Monday, February 12, 2007

Uses of Lifetime Value - Part 5: Trend Analysis

This series of posts has followed what should seem like a logical progression: using the Lifetime Value figure; using components within that figure; comparing component values over time, across segments, and against forecasts; creating the forecast values with models; and using the models for simulation, planning, and optimization. Since optimization is the ultimate goal of management, that should be the end of the discussion.

But it isn’t.

You probably noticed that the focus of the discussion shifted midstream from LTV to modeling. That’s not wrong: you do need models to predict the customer behaviors that determine LTV and to do the simulations for planning and optimization. But the discussion of forecasts can also lead in another direction, centered not on models but on building forecasts from the LTV components themselves. So let’s backtrack a bit.

The first point, which may seem a bit pedantic, is that I’ve been somewhat sloppy when describing the comparison of current values against forecasts. As the context makes clear, the forecasts I had in mind were estimates of future component values prepared during a planning process. Most businesspeople would probably refer to those as “plan” values, leaving the term “forecast” to refer to revised estimates based on the latest available data.

I don’t think my ambiguity caused any serious harm. But it does highlight the potential for confusion when the term “forecast” is used in conjunction with lifetime value. This confusion exists on several levels.

The first is simply that LTV sometimes refers to the value since the start of a customer relationship, sometimes to future value, and sometimes to a combination of previous and future value. These distinctions were described earlier and are easy to understand. They only create confusion when people don’t know which definition is under discussion. For most applications, future LTV is the appropriate one, but I (and others) often don’t bother to state that explicitly.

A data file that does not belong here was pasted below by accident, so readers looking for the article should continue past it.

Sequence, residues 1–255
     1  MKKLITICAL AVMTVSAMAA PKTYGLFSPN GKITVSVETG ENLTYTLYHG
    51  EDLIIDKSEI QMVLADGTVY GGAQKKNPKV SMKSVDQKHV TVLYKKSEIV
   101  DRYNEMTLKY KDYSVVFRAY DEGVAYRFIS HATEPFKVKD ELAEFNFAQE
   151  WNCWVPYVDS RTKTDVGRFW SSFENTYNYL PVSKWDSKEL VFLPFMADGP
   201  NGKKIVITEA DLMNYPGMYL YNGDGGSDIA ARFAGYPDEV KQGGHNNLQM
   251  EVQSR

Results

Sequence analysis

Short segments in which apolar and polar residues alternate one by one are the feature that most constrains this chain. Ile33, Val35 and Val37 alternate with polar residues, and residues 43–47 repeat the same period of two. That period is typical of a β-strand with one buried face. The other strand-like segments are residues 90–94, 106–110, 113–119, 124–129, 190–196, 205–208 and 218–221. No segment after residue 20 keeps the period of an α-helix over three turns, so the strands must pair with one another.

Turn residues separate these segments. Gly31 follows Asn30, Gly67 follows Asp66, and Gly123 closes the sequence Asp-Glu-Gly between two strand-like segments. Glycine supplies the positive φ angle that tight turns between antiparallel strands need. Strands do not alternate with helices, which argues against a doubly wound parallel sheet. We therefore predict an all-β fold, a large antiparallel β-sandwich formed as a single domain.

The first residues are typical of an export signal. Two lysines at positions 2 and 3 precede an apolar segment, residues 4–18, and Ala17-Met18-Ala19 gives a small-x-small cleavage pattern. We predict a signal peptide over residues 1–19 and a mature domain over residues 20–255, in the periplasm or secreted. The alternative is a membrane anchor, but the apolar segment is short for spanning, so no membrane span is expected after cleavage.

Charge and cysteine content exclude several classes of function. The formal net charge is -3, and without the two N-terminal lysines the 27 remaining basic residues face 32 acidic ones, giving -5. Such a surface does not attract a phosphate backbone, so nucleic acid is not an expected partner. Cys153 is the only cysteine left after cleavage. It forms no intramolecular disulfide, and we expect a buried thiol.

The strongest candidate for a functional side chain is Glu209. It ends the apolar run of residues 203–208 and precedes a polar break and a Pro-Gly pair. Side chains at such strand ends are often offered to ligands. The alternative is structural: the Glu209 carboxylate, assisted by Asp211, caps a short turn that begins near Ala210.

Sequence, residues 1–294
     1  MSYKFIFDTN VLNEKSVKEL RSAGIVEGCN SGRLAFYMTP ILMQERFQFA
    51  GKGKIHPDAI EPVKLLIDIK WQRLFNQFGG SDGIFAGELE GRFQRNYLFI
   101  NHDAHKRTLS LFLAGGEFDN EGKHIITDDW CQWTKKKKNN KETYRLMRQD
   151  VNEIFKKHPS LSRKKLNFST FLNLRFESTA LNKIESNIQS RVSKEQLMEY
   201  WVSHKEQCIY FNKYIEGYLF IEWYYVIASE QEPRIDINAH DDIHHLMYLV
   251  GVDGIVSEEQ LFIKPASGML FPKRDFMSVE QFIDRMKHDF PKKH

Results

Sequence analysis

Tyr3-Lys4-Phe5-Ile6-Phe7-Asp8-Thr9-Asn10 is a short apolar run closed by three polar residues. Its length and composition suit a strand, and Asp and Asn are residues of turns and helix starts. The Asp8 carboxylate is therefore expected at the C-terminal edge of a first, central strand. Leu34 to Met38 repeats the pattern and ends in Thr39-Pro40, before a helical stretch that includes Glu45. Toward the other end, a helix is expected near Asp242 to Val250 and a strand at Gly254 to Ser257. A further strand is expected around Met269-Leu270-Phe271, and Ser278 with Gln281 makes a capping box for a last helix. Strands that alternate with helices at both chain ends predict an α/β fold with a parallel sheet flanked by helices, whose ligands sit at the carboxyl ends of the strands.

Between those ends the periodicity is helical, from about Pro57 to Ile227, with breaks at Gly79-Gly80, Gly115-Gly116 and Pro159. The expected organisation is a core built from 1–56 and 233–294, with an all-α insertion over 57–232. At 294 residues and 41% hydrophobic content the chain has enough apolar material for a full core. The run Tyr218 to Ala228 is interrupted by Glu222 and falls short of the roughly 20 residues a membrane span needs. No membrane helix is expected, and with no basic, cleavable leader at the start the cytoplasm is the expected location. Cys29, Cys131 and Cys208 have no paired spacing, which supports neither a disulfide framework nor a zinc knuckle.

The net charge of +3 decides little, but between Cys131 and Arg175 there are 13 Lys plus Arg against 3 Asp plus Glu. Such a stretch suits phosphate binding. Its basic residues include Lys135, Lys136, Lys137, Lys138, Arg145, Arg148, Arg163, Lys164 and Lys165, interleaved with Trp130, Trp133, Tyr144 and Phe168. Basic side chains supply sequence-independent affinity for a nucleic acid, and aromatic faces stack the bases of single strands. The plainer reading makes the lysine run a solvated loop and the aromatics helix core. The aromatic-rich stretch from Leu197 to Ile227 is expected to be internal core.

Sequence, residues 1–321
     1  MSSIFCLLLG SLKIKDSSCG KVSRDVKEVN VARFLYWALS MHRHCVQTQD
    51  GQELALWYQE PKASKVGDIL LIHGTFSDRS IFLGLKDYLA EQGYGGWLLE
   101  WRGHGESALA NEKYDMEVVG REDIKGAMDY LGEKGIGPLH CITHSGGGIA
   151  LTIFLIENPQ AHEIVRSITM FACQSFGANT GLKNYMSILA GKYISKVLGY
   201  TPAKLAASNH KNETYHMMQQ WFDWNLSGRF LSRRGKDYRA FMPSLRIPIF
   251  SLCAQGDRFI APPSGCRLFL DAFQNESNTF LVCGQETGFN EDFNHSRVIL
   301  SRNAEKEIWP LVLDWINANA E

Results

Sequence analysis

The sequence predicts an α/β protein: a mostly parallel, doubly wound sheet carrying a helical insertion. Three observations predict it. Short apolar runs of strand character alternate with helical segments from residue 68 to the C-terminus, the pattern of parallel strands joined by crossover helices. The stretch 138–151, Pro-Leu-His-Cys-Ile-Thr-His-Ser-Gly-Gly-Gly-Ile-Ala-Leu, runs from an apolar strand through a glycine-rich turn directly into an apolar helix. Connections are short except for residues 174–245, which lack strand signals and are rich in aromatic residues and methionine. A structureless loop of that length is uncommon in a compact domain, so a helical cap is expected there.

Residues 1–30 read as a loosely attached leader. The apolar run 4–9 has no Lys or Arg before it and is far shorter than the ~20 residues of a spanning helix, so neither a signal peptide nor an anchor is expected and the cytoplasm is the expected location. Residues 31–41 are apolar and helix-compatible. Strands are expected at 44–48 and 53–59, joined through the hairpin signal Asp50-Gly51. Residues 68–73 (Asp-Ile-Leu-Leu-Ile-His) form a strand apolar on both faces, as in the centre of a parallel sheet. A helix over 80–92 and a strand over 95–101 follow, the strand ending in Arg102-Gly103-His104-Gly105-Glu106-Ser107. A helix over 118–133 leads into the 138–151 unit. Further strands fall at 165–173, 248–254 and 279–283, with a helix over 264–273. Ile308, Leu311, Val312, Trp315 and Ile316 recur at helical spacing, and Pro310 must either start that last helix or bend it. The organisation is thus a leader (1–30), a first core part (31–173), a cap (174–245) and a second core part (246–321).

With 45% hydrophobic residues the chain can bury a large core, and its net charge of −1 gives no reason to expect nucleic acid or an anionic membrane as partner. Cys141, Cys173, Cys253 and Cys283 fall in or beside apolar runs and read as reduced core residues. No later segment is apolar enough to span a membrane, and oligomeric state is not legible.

Of course, the future LTV is a forecasted value, even though it’s based on current data. This is the second type of confusion: not recognizing that even “current” LTV figures incorporate projections of future activity. Again, no particular harm done, except to perhaps give an impression of more certainty than actually exists.

The third level of confusion relates to which set of customers is being measured. The average LTV (past, future or total) of your existing customers is almost certainly not the same as the LTV you’d calculate using current component values. Put another way, historical results yield different component values than recent results. Easy to understand, once you think about it. But which numbers do you define as “current” when comparing them against the plan or forecast?